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Chabahar agreement a major success

Chabahar agreement a major success
The signing of the trilateral agreement on Chabahar port during Prime Minister Narendra Modi’s two-day visit to Iran this month is a major success for Indian diplomacy, in the backdrop of a growing India-China rivalry in the region.  

In fact, ever since Pakistan handed over the control of its Gwadar port to China in 2013, it became strategically imperative for India to develop the Chabahar port. The development of the Chabahar port will offer India direct access to Afghanistan, Central Asia, and beyond, bypassing Pakistan. With Gwadar under Chinese control, the freedom of operation by the Indian navy in the Arabian Sea in any future conflict would have been exposed to greater risk.

The strategic importance of Chabahar is immense. It is just 100 km from Gwadar, located in south-eastern Iran, lying out of the Strait of Hormuz and Persian Gulf. Gwadar is located at the mouth of the Persian Gulf. Gwadar port is connected with China's western province of Xinjiang through rail and road link running through Pakistan-occupied Kashmir. Control of Gwadar port has greatly helped China.

 Its eastern ports are nearly 3,500 km away from Kashgar in the western part of the country. The distance from Kashgar to Gwadar is less than half of that.India undertook to develop the Chabahar port during Atal Bihari Vajpayee’s Prime Ministership. India signed an agreement with Iran for building the port. 

But subsequently, Iran’s relations with the US became strained. The US imposed economic sanctions on Iran. One fall out of it was that work on Chabahar port was stalled. Now with US-Iran relations improving and the economic sanction lifted, it has become possible for India to finish the job it had undertaken way back in the 1990s.

A complementary part of the Chabahar project is the 500 km long railway line that India will construct from Chabahar to Zahedan. The line will be built as a part of the North-South Corridor. Like the port, it will also give India access to Afghanistan and Central Asia. The importance of Zahedan is that it is the capital of the Sistan-Balochistan province and is located 40 km south of the point where borders of Iran, Afghanistan, and Pakistan meet. The altitude of Zahedan is 4500 feet above sea level.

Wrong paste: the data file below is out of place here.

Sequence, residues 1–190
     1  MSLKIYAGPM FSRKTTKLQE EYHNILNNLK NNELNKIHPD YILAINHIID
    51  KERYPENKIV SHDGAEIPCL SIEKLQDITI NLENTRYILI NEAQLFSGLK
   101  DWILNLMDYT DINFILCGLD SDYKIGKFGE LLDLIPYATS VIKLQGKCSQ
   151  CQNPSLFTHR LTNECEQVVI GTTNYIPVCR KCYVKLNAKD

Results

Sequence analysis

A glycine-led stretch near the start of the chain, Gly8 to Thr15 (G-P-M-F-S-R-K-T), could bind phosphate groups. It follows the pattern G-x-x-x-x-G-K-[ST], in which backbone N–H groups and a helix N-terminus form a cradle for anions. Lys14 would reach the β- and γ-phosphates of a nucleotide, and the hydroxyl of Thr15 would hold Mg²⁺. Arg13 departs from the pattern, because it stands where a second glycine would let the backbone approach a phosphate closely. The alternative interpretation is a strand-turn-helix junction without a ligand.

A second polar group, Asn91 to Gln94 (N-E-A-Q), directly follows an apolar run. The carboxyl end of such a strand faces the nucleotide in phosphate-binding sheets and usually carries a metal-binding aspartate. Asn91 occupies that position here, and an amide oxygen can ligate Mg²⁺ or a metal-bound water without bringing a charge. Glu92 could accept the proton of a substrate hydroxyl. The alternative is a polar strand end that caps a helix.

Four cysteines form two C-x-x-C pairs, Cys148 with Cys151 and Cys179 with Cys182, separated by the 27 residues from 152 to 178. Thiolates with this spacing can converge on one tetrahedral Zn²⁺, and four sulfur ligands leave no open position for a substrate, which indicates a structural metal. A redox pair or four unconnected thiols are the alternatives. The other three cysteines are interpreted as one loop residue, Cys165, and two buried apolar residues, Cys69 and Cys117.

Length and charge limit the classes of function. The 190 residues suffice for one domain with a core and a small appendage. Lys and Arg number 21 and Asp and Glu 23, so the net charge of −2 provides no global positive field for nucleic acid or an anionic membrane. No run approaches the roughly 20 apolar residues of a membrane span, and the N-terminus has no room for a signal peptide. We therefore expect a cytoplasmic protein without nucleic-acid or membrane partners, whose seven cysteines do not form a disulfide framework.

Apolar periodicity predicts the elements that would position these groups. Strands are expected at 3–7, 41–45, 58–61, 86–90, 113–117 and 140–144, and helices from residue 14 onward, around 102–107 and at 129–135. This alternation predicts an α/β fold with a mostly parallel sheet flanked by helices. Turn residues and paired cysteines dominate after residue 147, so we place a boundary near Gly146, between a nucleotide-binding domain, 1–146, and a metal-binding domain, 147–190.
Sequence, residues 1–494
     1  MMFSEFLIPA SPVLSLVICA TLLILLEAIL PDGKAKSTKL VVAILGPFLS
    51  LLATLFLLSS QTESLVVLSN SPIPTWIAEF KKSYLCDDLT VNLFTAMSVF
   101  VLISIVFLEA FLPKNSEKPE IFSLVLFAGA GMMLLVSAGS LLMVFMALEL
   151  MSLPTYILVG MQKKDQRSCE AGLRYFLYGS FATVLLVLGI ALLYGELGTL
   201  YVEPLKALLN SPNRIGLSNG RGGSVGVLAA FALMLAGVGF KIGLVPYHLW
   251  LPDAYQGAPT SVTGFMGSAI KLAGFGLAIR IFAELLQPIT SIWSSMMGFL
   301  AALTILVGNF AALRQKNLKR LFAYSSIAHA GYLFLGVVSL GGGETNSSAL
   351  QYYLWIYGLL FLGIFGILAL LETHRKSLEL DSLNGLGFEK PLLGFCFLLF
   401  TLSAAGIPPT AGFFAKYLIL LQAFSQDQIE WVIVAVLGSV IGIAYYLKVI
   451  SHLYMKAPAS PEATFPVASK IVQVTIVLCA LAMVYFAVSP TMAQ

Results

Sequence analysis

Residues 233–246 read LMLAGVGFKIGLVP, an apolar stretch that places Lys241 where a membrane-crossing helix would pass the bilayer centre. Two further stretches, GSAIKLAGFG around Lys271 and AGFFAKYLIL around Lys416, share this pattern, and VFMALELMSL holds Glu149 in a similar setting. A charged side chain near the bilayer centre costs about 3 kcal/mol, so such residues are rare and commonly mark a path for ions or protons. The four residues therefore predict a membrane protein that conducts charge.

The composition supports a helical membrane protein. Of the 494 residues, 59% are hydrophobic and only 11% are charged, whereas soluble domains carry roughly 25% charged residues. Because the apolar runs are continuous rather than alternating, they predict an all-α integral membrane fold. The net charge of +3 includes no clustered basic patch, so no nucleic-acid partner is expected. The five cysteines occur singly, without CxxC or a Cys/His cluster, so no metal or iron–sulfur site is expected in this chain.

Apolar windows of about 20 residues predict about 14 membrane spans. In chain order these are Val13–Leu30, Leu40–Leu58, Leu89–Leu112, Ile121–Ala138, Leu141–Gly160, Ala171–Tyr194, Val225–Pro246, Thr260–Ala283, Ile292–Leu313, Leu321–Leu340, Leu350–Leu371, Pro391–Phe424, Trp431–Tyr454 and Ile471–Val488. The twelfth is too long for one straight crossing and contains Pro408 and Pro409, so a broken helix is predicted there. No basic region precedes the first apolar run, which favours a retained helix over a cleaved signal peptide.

Zahedan is an industrial hub where many small and medium industries are located. There is already a railway line connecting it with Quetta in Pakistan.  India’s will be a second line providing it a rail link with the port city of Chabahar, which is a free-trade zone.  The long-term effect of India-Iran cooperation in the development of the Chabahar port and its connectivity to Zahedan will be beneficial to both the countries.  India had to make a quick decision on the Chabahar project as the Chinese had already started sounding Teheran on it, offering cooperation.

India is also busy ascertaining the possibility of oil and gas exploration in Iran. ONGC Videsh has an ambitious $10 billion investment plan in Iran’s Farzad gas field which has an estimated reserve of 13 trillion cft of natural gas. Both India and China are energy-hungry countries and there is already a keen competition between the two for finding newer sources of oil and gas. India is now the world’s third largest importer of crude oil.

In fact, many believe that it is the frantic quest for oil which is behind China’s unilateral claim on the whole of the South China Sea and its desperate attempt to prevent India and Vietnam from exploring the immense reserves of oil lying buried in the seabed. The Chinese believe that the South China Sea has more oil than any other country except perhaps Saudi Arabia. Some Chinese estimates put the South China Sea reserve at 130 billion barrels of oil.

The US-Iran détente has created the necessary climate for increasing Indo-Iranian cooperation in different fields.

 Looked at from India’s long-term strategic and commercial interest, the importance of Chabahar port project, the Chabahar-Zahedan railway project and the oil exploration project cannot be overestimated. China’s challenge to India is not just military but also economic. Beijing has reached out to as far a country as Fiji with its aid. In the context of growing Sino-Indian rivalry in the Indian Ocean Region, India will have to deepen and diversify its cooperation with its neighbouring countries. 
Iran occupies an important place in this. The Prime Minister’s Iran visit has opened up a new vista of cooperation with Iran with which India always had a good relation even when Iran was facing US sanction and India had to cut its oil imports from there which hurt both the countries.  

(The views expressed are strictly personal.)
Barun Das Gupta

Barun Das Gupta

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